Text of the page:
Many labels have been put on the tea party since the 2010 election when its members first dressed in 18th century garb and promoted themselves as modern-day patriots. A look at American history, however, suggests that the best label for the tea party is “Nativist.” Far from constituting some new movement in American politics, the tea party is a throw-back to a black hole in 19th century social movements.
Nativists first crawled into American history in the 1840s when second and third generation Anglo-American descendants from the protagonists of the War for Independence found that their social status and political influence were being diminished during the dawn of industrialization. Low-skill jobs in mines and on railroads were gobbled up by the incoming cheap labor working for starvation wages and their presence in cities created ethnic enclaves of poverty. But the immigrants could vote, creating new clusters of political power. A more serious threat came in economics. Artisans and shop-keepers were threatened by nascent corporations that feasted on exploitation of these immigrants. Unlike the established Anglo-American tradespersons, the immigrant labor sustained a new crop of factories that mass-produced commodities as different as cloth, candles and cables. Factory production undercut the traditional model of a trade that made its product in the back-room and sold it over the counter in the shop. Rather than cast blame upon the capitalist elites who were benefitting from this modernizing industrialization, Nativists denounced immigrants instead. “If they were not here, change would not be here!” ran the argument.
This is the genesis of the American Republican Party (1843), later (1845) re-named the “Native American Party.” Its core belief was that there were two types of persons in the United States: those who were “real Americans” and then those who came only to take away what the Americans had created. This lethal bigotry was often mixed with a vulgar form of Calvinist Pre-determinism – God created some as “elect” and everyone else was damned, and nothing could reverse the sentence pronounced at creation. The Nativists cast themselves as the authentic Americans because they descended from the white, Anglo-Saxon and Protestant “founding fathers.” European immigrants, Catholics, Jews, African Americans, etc. might live in the United States but because they had not “built it,” they had no right to rule it.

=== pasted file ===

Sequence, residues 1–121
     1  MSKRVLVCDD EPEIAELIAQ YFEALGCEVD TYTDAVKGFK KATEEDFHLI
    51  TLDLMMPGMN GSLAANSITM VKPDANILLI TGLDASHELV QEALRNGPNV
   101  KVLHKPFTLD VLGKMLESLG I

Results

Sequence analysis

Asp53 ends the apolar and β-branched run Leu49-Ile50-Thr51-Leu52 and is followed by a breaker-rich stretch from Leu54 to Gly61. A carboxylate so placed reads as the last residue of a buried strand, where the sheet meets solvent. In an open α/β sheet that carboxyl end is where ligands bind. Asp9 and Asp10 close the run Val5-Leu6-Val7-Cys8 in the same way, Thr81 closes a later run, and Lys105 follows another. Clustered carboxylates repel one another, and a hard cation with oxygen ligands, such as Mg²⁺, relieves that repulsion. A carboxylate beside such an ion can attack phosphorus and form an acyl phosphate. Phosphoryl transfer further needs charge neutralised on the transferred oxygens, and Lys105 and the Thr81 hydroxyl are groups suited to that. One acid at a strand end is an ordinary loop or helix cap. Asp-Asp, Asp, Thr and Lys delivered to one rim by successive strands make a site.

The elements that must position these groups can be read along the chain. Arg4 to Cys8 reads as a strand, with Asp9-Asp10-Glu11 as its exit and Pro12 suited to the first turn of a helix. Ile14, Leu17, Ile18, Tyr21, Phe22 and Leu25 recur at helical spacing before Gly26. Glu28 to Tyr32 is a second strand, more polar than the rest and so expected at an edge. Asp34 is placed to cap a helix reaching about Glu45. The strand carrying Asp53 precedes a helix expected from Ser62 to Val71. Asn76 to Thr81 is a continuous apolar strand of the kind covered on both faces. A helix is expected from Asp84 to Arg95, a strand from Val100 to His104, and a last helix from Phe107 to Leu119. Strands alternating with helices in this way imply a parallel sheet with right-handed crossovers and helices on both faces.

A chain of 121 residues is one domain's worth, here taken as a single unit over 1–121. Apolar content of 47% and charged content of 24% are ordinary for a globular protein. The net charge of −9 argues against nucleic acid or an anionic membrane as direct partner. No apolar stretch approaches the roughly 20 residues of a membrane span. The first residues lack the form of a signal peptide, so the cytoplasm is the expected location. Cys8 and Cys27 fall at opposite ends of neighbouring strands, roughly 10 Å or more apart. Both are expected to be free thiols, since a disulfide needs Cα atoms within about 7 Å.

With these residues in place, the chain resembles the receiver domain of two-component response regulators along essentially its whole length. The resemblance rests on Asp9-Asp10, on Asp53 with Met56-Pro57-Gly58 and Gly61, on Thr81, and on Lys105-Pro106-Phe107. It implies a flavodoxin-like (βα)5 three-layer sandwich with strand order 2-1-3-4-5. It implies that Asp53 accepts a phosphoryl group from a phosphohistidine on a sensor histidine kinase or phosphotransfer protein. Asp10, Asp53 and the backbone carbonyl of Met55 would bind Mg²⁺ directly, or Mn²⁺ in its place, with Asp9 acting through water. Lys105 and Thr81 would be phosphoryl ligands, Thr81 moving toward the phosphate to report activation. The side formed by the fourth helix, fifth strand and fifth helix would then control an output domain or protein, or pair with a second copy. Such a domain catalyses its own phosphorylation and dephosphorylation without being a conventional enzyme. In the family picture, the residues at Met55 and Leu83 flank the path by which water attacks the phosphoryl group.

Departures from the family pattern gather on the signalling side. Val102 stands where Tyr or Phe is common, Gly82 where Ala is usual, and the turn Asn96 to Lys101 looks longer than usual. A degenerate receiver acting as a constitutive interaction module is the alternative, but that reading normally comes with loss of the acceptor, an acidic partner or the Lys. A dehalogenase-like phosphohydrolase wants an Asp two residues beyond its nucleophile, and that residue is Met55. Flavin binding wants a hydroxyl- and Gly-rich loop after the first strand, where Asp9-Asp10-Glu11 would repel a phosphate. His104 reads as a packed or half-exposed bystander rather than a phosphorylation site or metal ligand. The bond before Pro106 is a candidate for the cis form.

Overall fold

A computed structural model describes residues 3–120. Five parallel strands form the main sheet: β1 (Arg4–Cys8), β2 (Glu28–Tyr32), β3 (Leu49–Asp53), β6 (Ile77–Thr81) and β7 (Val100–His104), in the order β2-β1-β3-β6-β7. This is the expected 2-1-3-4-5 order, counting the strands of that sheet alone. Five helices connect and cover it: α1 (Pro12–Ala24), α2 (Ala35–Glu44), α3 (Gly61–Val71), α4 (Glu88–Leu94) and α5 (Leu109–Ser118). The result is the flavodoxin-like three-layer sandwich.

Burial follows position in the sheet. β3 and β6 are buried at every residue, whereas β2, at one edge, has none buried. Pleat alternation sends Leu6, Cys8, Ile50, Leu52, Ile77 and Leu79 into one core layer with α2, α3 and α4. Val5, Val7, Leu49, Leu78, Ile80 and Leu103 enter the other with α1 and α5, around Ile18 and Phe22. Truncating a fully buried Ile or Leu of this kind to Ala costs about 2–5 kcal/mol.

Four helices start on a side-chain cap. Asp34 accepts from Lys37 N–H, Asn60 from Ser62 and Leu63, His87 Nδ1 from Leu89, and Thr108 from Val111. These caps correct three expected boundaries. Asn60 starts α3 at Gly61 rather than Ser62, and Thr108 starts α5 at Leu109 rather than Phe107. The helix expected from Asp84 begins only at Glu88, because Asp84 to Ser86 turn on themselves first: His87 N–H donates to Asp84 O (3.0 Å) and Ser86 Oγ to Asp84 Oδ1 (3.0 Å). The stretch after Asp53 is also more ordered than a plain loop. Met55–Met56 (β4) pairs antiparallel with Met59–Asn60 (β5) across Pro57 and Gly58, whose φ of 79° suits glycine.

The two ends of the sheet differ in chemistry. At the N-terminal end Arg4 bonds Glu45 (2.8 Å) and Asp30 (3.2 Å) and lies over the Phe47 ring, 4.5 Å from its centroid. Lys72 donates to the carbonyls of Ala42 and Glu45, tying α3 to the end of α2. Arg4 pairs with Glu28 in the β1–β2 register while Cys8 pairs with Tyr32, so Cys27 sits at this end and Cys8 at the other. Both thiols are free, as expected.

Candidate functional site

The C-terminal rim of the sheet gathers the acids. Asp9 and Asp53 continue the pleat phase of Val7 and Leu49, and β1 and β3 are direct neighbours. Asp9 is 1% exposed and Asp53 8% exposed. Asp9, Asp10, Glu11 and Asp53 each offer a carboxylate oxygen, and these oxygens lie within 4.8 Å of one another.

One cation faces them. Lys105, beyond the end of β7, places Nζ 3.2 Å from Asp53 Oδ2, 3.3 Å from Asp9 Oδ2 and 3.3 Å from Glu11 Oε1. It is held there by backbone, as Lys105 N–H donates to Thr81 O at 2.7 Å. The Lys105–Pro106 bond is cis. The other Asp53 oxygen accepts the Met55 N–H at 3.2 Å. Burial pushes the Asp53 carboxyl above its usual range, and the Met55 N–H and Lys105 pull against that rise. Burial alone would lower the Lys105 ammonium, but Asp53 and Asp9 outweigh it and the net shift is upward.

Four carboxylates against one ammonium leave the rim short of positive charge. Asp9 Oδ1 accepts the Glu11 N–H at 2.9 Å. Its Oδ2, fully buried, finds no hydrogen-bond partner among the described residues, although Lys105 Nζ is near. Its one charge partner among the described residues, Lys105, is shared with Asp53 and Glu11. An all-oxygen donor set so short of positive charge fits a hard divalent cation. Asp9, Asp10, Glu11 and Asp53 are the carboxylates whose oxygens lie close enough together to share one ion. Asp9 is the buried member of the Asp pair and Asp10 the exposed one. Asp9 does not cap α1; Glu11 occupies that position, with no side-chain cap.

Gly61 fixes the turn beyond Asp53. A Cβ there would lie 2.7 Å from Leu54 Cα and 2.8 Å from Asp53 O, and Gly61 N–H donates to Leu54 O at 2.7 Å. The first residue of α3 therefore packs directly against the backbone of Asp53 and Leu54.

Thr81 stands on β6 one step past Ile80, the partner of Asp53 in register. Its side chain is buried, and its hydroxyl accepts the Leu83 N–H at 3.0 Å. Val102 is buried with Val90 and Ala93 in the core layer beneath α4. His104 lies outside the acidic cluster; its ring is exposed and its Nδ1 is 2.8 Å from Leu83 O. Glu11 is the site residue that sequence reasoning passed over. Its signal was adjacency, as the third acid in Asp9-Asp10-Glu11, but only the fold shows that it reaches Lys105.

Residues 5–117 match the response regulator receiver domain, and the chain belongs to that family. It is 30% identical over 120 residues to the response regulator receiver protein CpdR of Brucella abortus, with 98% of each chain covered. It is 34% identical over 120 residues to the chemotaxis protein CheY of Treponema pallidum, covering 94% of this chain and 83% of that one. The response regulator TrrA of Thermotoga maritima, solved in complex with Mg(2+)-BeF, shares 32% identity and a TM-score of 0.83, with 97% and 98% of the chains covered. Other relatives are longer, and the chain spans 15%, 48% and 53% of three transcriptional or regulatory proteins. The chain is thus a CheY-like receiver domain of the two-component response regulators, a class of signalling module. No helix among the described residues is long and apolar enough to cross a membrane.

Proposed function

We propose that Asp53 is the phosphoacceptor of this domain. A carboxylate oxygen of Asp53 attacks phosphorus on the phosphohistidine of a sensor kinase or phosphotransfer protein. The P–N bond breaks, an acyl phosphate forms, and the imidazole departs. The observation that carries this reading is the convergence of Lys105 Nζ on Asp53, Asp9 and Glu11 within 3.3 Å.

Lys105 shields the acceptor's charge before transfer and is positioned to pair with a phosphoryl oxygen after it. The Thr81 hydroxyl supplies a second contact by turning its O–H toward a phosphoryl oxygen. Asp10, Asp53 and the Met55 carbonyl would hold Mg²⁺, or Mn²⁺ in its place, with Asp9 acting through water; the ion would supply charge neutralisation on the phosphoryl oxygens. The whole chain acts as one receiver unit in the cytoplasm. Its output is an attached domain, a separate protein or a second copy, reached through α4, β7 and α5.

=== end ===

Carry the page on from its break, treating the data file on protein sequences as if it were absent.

The biological descendants from the original Revolutionary War patriots, of course, had already been overwhelmed numerically by immigrants in 1845 and if biological descent had been a prerequisite, the movement would have died out shortly after it had been born. Instead, the Nativists extended the label of “real American” to those sharing their ideological, racial and religious identifications. Romanticized notions of the “Founding Fathers” supposed that every political position of the party at any time was actually derived from the originators of the American republic. A test was devised for party members (only male voters at the time) so that all would be initiated into a secret Order of the Star-Spangled Banner. Much as in the Masonic codes of the time, the members were pledged to secrecy. Their membership oath required them to answer “I know nothing!” to every question about decisions made.
The bile and hatred generated by Nativism has always been present in American political populism. After the Civil War, with urban cities in the Northeast and Midwest dominated by immigrant groups, the Nativists retreated to rural isolation, most notably in the Confederate South where they became the Ku Klux Klan. The “Other” for them was the “Negro,” a label often pronounced as a slur.
At its core, Nativism is against modernity and change. It is a completely negative movement without a plan of action or any new ideas. It exists to blame the “Other” for all social ills and any protest to the contrary is considered part of a conspiracy. Equal treatment of all Americans is opposed because it represents robbery of the “real” Americans who, it is supposed, are the only ones paying taxes. Nativist xenophobia requires that immigration of “Others” must end and those already here should be punished by repressive curtailment of freedom until they voluntarily leave or are deported.
A succession of radically conservative causes have mounted the Nativist tiger throughout the 20th century: the restoration of the Gold Standard, Prohibition, States-Rightist nullification, anti-Evolutionism and forms of anti-Communism, such as union-busting, the John Birch Society, and McCarthyism. The 21st century spawning of the tea party has added Islam, black-helicopters-after-your-guns, and climate change to their lists of imagined imminent threats.
Given the Nativist pre-set categories that deny logic in favor of conspiracies, rational debate with these folks is probably not a fruitful strategy. In the American past, Nativism was eventually thwarted on the one hand by ridicule of their outrageous conspiracy theories and on the other by revulsion when their extremism turns violent. Can Democrats today employ these strategies? Can ridicule replace credulity about the tea party’s supposed “scandals” and conspiracies – (all of which are hype and do not merit reasoned attention)? Will the same strategies work against a very activist Supreme Court that follows a similar ideology? The future is not certain, but history teaches that freedom is within the arc of the American dream.